The effectiveness of the executive team will make or break a business. This is particularly true during times of intense competition and organizational transformation. No business leader can afford to have an executive team that is misfiring or functioning at sub-optimal effectiveness.
Executive team effectiveness is no longer just about “team spirit” and how well team members get along with each other. Yes, these are important conditions, but they are almost always the result of specific team leadership drivers that are measurable and manageable.
From extensive hands-on experience developing executive teams, Dr. Robert Wiley has identified three major drivers of executive team effectiveness and business results:
Leadership teams can’t even begin their journey to be effective unless they are on the same page about their vision, direction and targeted results, are clear with each other about who has what role for shared decisions, and have the right talent in each role. When leadership teams are formed or reconstituted, these are the first things to get right. When a leadership team is having some difficulty delivering high performance, a team foundation issue is likely to be a root cause.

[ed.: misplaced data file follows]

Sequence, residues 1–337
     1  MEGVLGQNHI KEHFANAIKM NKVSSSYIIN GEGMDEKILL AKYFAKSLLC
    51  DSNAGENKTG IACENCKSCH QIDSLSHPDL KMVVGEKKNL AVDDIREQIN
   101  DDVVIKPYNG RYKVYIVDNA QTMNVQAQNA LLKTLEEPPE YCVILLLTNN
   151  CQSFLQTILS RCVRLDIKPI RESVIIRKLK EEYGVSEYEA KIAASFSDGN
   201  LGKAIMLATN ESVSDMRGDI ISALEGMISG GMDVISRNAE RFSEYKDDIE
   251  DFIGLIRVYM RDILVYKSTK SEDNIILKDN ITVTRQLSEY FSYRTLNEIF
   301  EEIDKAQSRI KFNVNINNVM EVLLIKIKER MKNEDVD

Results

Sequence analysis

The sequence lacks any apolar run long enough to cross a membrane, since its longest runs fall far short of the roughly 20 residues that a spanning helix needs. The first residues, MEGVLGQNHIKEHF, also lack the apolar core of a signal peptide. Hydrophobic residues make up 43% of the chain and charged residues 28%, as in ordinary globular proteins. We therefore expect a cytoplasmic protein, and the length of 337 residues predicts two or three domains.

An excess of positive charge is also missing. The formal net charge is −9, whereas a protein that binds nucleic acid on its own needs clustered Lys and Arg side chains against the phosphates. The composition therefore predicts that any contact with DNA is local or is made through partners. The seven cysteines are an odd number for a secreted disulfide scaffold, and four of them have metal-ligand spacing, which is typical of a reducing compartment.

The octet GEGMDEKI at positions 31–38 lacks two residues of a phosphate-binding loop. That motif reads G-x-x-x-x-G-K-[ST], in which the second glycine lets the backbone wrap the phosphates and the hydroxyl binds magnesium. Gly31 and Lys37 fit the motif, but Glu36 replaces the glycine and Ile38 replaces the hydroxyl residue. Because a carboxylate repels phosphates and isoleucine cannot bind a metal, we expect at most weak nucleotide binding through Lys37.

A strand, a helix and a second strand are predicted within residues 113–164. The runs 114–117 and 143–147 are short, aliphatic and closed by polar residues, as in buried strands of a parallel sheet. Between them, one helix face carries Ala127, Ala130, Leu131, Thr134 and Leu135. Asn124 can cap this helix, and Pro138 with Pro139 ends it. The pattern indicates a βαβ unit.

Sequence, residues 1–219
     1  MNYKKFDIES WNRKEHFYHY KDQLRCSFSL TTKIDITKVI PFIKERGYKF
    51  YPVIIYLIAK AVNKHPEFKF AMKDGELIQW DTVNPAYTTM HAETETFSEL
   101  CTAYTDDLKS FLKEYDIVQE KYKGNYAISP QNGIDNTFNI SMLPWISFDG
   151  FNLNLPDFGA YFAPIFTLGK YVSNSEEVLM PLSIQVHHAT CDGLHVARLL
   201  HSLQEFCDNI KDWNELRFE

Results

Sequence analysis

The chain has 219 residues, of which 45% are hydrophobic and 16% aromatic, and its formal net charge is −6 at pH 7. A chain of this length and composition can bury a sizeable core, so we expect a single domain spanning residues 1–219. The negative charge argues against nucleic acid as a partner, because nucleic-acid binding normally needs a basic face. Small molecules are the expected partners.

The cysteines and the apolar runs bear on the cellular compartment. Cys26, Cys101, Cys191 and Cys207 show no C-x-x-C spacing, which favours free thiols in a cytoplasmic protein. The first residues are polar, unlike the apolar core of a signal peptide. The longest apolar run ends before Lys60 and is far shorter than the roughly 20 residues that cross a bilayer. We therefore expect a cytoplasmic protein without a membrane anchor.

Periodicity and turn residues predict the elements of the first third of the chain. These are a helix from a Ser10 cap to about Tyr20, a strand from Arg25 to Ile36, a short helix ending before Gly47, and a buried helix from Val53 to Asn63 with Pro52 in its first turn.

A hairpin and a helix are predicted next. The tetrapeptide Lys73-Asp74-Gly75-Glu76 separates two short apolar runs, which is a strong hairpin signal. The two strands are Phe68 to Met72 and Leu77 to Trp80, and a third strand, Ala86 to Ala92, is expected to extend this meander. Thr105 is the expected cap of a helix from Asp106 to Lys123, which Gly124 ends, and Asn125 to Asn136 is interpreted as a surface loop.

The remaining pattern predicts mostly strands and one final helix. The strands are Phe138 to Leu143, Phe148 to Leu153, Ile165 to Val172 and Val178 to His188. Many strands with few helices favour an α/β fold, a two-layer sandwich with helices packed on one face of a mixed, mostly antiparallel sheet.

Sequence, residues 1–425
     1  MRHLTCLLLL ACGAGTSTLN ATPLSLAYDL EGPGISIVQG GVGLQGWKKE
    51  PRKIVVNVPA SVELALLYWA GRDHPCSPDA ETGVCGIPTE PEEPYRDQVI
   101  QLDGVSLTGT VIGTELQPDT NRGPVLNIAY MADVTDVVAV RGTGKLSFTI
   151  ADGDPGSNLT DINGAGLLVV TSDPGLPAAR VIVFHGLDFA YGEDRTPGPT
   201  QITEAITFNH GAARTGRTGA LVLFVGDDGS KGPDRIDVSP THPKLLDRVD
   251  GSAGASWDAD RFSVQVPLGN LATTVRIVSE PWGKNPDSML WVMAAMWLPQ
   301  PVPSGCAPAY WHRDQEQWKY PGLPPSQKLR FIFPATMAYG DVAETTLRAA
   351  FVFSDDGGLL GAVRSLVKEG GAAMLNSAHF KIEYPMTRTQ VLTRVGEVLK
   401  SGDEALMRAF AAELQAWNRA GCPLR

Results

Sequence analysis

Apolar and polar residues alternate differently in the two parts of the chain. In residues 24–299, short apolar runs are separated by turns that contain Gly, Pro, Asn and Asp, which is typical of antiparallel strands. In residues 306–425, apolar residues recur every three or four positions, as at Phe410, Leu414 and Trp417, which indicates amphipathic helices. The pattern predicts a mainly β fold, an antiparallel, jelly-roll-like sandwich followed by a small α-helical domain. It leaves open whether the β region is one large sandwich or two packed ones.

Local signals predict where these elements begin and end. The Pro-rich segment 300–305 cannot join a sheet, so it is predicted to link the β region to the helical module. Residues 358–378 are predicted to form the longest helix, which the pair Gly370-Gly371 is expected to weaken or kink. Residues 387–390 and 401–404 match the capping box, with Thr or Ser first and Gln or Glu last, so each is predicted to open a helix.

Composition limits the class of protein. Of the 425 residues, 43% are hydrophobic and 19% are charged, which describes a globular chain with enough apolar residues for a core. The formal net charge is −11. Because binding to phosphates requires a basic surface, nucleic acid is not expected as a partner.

Once the team foundation is in place, a leadership team must develop specific collaboration processes in order to get their work done. This starts with a well-designed management process and meeting calendar that is needed to work through the team’s shared business issues and decisions throughout the year. This will include how and when the team will focus its time on key topics, along with how decisions will be made in different areas. To collaborate well on their shared work, leadership teams also need to engage in constructive debate of key issues and build 1:1 trust based on mutual understanding.
The true test of a leadership team is how well they are jointly engaging their broader organization to achieve the expected business results. The first key to this is a communication process whereby the team jointly provides timely, consistent information and direction to the broader organization. The second key is how well the leadership team members foster and lead collaboration across units and functions to improve business processes and achieve targeted business results.
Dr. Robert Wiley uses state-of-the-art tools and a tested process that is tailored to the needs and culture of each leadership team. The process generally includes three key steps as described below. The initial assessment of team effectiveness and action planning can usually be completed within about two months. At that point, the team leader is in a good position to decide what work to undertake to close high priority team effectiveness gaps and what resources will be used. Coaching the team leader and facilitating joint team development sessions are done where needed. The team leader and team members are encouraged to take charge of closing team effectiveness gaps with specific action plans. The goal is to see a leadership team emerge into a high performance mode as quickly and independently as possible.